The present manuscript contains an eclectic collection of sermons, composed by different authors and compiled for local or personal use. Copied in a very orderly fashion, by a single hand, the sermons were not copied ad hoc, but to serve a priest’s predication needs. The texts frequently include exempla, which are medieval or classical fables with a moral twist. The sermons are on the Virgin Mary (nos. 1-3), justice (no. 4), following Christ (no. 5), spiritual welfare (no. 6), fear of judgment (no. 7, frequently citing Alexander of Hales, the English scholastic philosopher), Christmas (no. 8), the conversion of a sinner (no. 10), good works (no. 11, citing Aristotle), Pentecost (no. 12), the dignity of the soul (no. 13), speech (no. 14), predestination (no. 15), victory over oneself (no. 16, citing Plautus, Lactantius, Seneca, Boethius, Aesop, Cicero, and others), the brevity of human life (no. 17), etc.

The integration of a single gathering from an early printed sermon collection, which runs from ff. 136v-137, without break of text, is an interesting example of the mingling of the two forms of book production at the very end of the Middle Ages.


Dahmus, J. W. “Medieval Preachers and Lay Perfections,” in Medieval Perspectives 1 (1986), pp. 122-134.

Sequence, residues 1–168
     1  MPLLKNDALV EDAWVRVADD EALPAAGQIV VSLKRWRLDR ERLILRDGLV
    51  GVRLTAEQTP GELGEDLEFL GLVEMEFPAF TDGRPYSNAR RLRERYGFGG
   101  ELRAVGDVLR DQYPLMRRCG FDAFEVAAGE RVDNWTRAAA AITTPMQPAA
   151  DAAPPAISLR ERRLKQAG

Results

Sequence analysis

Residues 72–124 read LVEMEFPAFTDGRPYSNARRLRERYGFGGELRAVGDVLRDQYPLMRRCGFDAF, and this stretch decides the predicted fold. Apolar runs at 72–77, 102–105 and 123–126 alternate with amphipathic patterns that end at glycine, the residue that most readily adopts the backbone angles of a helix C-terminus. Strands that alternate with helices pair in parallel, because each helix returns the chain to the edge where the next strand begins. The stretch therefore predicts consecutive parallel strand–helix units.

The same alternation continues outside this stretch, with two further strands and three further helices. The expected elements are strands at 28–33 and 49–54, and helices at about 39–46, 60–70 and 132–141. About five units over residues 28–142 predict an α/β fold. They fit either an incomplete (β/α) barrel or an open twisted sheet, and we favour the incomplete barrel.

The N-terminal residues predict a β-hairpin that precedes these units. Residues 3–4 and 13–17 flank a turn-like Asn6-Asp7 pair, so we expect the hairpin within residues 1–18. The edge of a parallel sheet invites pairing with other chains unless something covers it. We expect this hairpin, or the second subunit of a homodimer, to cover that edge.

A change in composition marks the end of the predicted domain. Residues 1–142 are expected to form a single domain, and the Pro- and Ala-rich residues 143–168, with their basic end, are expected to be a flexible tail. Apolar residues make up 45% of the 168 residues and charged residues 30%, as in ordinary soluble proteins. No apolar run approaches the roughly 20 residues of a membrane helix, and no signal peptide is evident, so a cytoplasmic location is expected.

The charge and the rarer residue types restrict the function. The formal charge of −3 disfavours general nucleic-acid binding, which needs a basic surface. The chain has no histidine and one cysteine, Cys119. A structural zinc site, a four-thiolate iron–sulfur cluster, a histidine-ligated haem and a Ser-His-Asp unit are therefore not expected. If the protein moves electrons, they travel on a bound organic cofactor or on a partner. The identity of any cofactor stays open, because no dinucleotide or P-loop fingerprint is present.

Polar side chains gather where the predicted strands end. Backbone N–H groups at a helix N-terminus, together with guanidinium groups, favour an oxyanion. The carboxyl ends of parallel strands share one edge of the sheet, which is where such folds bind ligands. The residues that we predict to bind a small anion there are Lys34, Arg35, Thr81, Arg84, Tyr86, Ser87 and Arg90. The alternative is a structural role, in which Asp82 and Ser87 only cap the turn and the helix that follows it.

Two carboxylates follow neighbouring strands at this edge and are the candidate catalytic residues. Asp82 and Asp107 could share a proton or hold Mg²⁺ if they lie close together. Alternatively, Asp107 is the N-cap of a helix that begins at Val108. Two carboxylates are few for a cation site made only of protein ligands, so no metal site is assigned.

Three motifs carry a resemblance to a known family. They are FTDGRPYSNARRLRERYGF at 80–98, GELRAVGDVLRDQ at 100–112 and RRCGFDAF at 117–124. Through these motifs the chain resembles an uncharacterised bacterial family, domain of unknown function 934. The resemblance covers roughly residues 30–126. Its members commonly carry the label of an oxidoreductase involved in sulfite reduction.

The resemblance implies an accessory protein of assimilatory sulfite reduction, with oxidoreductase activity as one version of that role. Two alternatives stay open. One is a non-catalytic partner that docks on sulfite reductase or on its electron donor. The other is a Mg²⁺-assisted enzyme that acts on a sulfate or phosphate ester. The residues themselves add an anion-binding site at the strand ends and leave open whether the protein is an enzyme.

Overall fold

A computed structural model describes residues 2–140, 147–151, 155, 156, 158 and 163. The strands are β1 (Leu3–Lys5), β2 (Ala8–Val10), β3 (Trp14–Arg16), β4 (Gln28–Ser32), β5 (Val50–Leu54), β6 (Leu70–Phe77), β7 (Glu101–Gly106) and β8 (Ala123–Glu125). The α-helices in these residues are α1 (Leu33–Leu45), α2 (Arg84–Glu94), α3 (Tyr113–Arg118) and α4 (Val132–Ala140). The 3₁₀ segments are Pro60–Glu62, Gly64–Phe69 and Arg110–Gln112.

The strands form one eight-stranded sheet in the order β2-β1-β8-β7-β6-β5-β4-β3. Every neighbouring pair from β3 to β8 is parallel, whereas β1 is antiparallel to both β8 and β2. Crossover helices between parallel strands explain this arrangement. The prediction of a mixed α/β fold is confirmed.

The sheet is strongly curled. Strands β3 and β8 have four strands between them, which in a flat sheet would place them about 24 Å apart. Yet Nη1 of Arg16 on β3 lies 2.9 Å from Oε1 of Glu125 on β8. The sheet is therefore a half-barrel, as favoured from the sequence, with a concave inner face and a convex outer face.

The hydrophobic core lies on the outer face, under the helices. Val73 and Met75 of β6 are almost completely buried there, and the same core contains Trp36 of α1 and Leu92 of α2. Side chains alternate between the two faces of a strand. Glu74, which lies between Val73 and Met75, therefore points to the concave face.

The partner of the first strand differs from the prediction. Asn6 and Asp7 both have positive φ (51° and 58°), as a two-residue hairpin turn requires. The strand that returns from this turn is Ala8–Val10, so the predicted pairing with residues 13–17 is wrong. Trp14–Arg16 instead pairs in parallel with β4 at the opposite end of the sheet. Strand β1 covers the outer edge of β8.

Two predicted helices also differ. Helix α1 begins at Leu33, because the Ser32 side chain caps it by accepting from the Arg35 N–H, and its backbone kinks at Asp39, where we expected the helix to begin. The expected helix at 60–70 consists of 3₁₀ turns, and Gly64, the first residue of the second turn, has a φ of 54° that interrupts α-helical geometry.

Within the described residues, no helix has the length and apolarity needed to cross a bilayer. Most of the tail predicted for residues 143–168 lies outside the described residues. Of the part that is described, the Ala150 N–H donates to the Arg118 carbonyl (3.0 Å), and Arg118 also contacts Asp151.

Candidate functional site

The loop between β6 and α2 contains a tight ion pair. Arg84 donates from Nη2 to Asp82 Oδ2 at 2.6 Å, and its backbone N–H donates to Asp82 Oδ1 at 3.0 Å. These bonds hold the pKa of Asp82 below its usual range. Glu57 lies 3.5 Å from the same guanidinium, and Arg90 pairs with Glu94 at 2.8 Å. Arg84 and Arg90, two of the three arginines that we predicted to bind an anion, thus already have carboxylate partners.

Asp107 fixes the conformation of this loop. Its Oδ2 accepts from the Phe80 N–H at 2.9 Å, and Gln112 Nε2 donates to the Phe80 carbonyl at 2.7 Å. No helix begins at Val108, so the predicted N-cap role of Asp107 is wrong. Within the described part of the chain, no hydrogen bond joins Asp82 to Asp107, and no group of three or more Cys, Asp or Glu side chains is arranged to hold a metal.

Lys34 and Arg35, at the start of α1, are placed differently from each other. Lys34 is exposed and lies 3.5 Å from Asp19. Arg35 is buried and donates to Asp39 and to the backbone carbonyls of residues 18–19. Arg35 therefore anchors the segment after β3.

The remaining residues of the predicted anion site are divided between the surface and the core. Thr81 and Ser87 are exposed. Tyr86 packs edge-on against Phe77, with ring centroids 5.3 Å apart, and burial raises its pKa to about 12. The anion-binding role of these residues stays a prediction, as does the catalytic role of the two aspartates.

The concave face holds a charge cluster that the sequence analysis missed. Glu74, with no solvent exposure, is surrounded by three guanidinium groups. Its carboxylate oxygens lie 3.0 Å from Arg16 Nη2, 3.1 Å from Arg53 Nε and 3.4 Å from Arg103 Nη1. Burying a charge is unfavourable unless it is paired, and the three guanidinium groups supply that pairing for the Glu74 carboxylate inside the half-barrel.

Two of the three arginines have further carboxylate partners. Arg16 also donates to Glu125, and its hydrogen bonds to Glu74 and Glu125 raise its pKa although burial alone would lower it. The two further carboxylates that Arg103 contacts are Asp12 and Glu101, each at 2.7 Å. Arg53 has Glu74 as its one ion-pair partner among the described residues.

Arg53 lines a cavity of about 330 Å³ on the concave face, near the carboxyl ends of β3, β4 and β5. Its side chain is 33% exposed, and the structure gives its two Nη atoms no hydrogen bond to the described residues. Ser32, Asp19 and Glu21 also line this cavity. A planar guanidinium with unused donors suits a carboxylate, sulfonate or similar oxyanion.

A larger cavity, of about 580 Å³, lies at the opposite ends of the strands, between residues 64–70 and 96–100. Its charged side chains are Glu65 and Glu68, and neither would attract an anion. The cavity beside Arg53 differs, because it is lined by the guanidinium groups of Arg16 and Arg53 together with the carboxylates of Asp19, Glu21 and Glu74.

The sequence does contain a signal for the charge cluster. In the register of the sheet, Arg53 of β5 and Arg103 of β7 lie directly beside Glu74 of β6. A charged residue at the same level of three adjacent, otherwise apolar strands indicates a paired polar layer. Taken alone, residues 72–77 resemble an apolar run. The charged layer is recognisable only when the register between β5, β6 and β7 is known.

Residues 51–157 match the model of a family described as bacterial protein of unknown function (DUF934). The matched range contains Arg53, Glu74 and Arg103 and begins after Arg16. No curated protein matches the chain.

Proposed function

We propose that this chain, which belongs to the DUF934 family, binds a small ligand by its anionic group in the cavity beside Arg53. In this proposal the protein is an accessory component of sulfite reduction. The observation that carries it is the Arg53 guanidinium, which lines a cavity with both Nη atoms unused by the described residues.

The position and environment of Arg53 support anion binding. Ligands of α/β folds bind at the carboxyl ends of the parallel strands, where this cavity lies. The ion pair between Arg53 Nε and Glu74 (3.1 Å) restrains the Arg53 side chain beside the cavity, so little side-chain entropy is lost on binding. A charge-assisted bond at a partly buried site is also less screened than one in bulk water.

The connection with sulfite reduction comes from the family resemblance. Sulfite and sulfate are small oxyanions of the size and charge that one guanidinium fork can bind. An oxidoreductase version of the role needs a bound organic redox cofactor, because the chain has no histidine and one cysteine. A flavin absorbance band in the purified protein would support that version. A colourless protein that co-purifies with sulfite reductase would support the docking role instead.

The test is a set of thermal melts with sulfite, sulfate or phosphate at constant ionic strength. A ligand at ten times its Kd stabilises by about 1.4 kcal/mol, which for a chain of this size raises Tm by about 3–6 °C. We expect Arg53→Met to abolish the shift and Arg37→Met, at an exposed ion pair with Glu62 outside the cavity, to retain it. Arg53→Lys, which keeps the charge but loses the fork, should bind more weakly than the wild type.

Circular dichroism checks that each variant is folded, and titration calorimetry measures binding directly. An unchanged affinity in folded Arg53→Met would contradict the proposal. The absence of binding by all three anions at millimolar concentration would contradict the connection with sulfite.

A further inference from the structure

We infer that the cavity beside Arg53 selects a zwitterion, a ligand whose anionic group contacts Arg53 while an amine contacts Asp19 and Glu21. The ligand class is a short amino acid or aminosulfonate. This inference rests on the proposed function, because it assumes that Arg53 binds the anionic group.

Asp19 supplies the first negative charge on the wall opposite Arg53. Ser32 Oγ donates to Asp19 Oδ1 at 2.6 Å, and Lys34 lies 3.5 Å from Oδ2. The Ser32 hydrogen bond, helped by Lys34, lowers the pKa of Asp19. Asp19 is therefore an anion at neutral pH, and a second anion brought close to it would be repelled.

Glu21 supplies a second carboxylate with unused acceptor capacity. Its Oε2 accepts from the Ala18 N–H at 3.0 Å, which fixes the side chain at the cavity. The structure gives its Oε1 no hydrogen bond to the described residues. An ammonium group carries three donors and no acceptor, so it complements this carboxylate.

Guyot, B.-G. “Herolt, Jean,” in Dictionnaire de spiritualité ascétique et mystique, Paris, Beauchesne, 1969, tome VII, col. 343-346.

Hermand, M. X. “Les méthodes de travail d’un compilateur d’exempla du XVe siècle: Johannes Herolt et le Promptuarium Exemplorum,” in Archivum Fratrum Praedicatorum 64 (1994), pp. 261-299.

Kaeppeli, T. Scriptores Ordinis Praedicatorum medii aevi, Rome, 1975, vol. II, no 2386-2394.

Paulus, Nicolaus. "Johannes Herolt und seine Lehre," in Zeitschrift für katholische Theologie 26 (1902), pp. 417-447.

Teetaert, A. “Pelbart Ladislai de Temesvár,” in Dictionnaire de théologie catholique, Paris, Letouzey et Ané, 1933, vol. 12, col. 716-717.

Worstbrock, F.J. “Herolt, Johannes (Discipulus),” in Die deutsche Literatur des Mittelalters. Verfasserlexikon, Berlin-New York, 1981, vol. 3, col. 1123-1127.

Online resources

Gateway to Medieval Religious History, with a number of sites devoted to Exempla and Sermons

On Pelbartus Ladislaus de Temesvár

On Pelbartus Ladislaus de Temesvár